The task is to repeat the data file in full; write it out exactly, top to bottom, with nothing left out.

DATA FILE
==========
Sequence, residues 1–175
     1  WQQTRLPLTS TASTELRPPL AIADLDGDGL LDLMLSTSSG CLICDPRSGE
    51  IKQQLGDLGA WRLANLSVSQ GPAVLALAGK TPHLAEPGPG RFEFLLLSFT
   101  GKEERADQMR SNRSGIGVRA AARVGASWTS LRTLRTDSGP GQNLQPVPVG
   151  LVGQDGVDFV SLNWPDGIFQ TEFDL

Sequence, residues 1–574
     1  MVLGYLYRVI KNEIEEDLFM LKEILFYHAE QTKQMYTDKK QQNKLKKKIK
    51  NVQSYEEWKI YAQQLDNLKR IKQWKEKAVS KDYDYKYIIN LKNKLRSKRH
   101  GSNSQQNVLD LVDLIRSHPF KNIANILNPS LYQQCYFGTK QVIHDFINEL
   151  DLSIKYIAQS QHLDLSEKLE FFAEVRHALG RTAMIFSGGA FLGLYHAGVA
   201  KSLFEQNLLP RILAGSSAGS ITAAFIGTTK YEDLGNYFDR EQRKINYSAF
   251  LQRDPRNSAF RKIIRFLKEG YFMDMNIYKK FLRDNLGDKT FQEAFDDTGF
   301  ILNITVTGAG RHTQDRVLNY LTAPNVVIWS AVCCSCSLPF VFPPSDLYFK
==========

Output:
Sequence, residues 1–175
     1  WQQTRLPLTS TASTELRPPL AIADLDGDGL LDLMLSTSSG CLICDPRSGE
    51  IKQQLGDLGA WRLANLSVSQ GPAVLALAGK TPHLAEPGPG RFEFLLLSFT
   101  GKEERADQMR SNRSGIGVRA AARVGASWTS LRTLRTDSGP GQNLQPVPVG
   151  LVGQDGVDFV SLNWPDGIFQ TEFDL

Sequence, residues 1–574
     1  MVLGYLYRVI KNEIEEDLFM LKEILFYHAE QTKQMYTDKK QQNKLKKKIK
    51  NVQSYEEWKI YAQQLDNLKR IKQWKEKAVS KDYDYKYIIN LKNKLRSKRH
   101  GSNSQQNVLD LVDLIRSHPF KNIANILNPS LYQQCYFGTK QVIHDFINEL
   151  DLSIKYIAQS QHLDLSEKLE FFAEVRHALG RTAMIFSGGA FLGLYHAGVA
   201  KSLFEQNLLP RILAGSSAGS ITAAFIGTTK YEDLGNYFDR EQRKINYSAF
   251  LQRDPRNSAF RKIIRFLKEG YFMDMNIYKK FLRDNLGDKT FQEAFDDTGF
   301  ILNITVTGAG RHTQDRVLNY LTAPNVVIWS AVCCSCSLPF VFPPSDLYFK